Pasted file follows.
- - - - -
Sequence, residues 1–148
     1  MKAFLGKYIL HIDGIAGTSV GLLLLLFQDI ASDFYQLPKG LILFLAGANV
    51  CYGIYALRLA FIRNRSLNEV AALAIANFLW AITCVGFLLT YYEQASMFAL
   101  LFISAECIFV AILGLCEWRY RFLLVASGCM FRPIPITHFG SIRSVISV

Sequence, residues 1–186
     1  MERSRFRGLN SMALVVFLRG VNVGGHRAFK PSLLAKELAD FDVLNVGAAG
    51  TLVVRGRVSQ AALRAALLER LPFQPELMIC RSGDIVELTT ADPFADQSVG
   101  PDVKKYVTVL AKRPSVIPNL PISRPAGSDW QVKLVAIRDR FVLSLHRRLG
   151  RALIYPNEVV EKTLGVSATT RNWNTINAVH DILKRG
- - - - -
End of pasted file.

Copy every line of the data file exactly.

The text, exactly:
Sequence, residues 1–148
     1  MKAFLGKYIL HIDGIAGTSV GLLLLLFQDI ASDFYQLPKG LILFLAGANV
    51  CYGIYALRLA FIRNRSLNEV AALAIANFLW AITCVGFLLT YYEQASMFAL
   101  LFISAECIFV AILGLCEWRY RFLLVASGCM FRPIPITHFG SIRSVISV

Sequence, residues 1–186
     1  MERSRFRGLN SMALVVFLRG VNVGGHRAFK PSLLAKELAD FDVLNVGAAG
    51  TLVVRGRVSQ AALRAALLER LPFQPELMIC RSGDIVELTT ADPFADQSVG
   101  PDVKKYVTVL AKRPSVIPNL PISRPAGSDW QVKLVAIRDR FVLSLHRRLG
   151  RALIYPNEVV EKTLGVSATT RNWNTINAVH DILKRG